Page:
Israeli Housing Minister and United Torah Judaism party head Yitzhak Goldknopf wrote a letter to request that Transportation Minister Miri Regev put an end to maintenance work on trains by Israel Railways during the Jewish Sabbath.
"It has been brought to my attention that there is work on Shabbat at Israel Railways that does not meet the definition of preserving life," Goldknopf stated, naming the religious standard that permits breaking the Shabbat prohibition against performing work.
Orthodox Judaism stipulates that no work should be performed during Shabbat, with the exception of work that preserves life, such as healthcare and security.
Goldknopf's request could be the Netanyahu government's first real test in maintaining coalition partners that are guided by different sectarian political interests. While Netanyahu's Likud party is largely secular, its political partners are national-religious and ultra-Orthodox.
Like most public transportation in the Jewish state, Israel Railways does not operate during Shabbat. However, Shabbat has been used to perform upgrades and maintenance along Israel's expanding railway network in order to facilitate travel for passengers during the week.
In his letter, Goldknopf requested that the transportation minister urgently address the issue: "We cannot put up with this situation. I ask for your urgent intervention in this matter."
Former Israeli Transportation Minister MK Merav Michaeli blasted Goldknopf's request and urged her successor, Regev, to continue the policy of train maintenance work on Shabbat.
"The cost of stopping work on the railway system on Shabbat – tremendous harm to the public who use the trains and public transport," tweeted Michaeli, who is the head of the secular Labor party. "I call on Regev not to concede to Goldknopf's delusional demands."
Former Finance Minister MK Avigdor Liberman echoed Michaeli's criticism of Goldknopf's letter.
"Once again, haredi wheeler-dealers are dictating to the entire public what is right and what is not," Liberman wrote on social media, in harsh criticism of the housing minister.
"Stopping train track construction work on Shabbat is an absurd step that will directly affect Israel's economy and many Israeli families who use public transport. Someone in the government needs to wake up and stop this madness," Liberman said.
Liberman, who heads the secular Yisrael Beytenu party that caters to Russian-speaking Israelis, has a history of political clashes with Israel's ultra-Orthodox parties concerning the role of religion in Israeli society.
Despite Israel marking only 75 years of independence this year, there is still significant disagreement among Israeli Jews about whether Israel should be defined as a secular-democratic state of the Jewish people, or a state ruled by religious Jewish law.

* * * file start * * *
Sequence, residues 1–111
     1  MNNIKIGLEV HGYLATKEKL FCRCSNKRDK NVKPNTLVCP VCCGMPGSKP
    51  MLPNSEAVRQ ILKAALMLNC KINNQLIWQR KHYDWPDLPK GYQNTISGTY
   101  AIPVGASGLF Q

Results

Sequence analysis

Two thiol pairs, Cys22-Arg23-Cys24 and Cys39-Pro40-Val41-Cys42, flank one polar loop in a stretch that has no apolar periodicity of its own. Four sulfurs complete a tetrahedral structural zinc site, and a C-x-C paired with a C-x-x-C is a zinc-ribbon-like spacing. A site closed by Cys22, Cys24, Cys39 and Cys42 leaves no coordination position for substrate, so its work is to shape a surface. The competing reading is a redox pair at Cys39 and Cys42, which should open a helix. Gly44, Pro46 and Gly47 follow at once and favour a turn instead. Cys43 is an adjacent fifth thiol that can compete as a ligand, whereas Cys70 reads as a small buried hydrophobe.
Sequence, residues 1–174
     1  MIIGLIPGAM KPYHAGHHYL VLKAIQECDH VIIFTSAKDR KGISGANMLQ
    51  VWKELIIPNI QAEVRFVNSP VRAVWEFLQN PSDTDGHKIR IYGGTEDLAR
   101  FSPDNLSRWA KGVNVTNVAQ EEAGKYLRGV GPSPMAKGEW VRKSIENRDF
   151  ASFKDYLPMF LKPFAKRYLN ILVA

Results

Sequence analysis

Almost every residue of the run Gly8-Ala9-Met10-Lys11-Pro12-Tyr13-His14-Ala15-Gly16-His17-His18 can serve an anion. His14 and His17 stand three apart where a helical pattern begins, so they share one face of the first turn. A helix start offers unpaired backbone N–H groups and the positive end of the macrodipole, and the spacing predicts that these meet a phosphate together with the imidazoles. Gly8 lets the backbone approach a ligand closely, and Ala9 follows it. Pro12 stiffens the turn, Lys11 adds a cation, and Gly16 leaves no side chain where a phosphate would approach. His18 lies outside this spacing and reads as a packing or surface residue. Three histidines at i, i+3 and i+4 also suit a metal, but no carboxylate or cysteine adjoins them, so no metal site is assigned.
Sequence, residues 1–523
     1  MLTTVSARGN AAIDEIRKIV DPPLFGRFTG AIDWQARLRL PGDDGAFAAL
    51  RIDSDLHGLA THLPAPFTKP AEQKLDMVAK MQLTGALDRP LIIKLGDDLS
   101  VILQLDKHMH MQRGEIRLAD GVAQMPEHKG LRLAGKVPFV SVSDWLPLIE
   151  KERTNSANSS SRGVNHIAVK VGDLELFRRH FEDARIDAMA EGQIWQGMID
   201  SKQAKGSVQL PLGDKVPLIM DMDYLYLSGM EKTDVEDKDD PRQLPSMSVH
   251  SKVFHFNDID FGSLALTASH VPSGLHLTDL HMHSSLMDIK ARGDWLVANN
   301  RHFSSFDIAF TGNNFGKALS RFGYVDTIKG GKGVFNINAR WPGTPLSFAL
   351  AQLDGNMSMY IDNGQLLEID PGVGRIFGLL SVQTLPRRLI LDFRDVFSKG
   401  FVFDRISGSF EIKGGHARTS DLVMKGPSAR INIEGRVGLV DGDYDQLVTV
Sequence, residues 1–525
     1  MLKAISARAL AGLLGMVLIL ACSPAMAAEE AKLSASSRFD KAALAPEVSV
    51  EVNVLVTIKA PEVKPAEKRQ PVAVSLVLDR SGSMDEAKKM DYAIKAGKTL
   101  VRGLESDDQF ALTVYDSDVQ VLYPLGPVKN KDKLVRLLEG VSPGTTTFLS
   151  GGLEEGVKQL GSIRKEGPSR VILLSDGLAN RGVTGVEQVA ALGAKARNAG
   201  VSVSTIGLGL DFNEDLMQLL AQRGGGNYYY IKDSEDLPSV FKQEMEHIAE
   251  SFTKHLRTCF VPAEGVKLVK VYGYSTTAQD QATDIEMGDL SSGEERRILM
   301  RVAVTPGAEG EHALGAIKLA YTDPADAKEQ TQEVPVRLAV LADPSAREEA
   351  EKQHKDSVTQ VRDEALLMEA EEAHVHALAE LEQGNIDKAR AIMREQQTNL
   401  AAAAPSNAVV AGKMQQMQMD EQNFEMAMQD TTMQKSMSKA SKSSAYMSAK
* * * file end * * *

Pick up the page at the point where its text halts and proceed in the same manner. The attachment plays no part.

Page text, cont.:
Israel's commercial and cultural hub Tel Aviv has become a battleground for religious and secular Israeli politicians.
In early October, merely a month before the recent Israeli elections, Michaeli vowed that Tel Aviv's upcoming light-rail system would operate seven days a week, including Shabbat.
"It is my decision and I reached it taking into consideration all the important implications [surrounding such a decision] brought before me," Michaeli told Israel's Channel 12.
Conservative religious politicians who oppose public transport during Shabbat criticized Michaeli's statement. However, the overwhelming majority of the population in Tel Aviv are secular and theoretically would support the move.
Tel Aviv's planned Metro system has become another battleground between Regev and Finance Minister Bezalel Smotrich.
Smotrich wants a quick second and third reading of the Metro bill by the Israeli parliament, in order to speed up the construction of the metropolitan infrastructure. However, Regev said she believes the Tel Aviv metro plan comes at the expense of infrastructure projects in Israel's peripheral areas.
"I think that we must be required to look more in depth into two aspects – feasibility and financing, in addition to the question of whether it should be publicly or privately funded," Regev said.
"There are problems in promoting the lines for the light rail in Gush Dan, which is supposed to provide an answer to the traffic congestion in Tel Aviv. As long as there is no solution to connect the State of Israel from Dan to Eilat [from the most northern point to the most southern point of Israel], I will oppose the further promotion of the plan," she said.
This article originally appeared on ALL ISRAEL NEWS and is reposted with permission.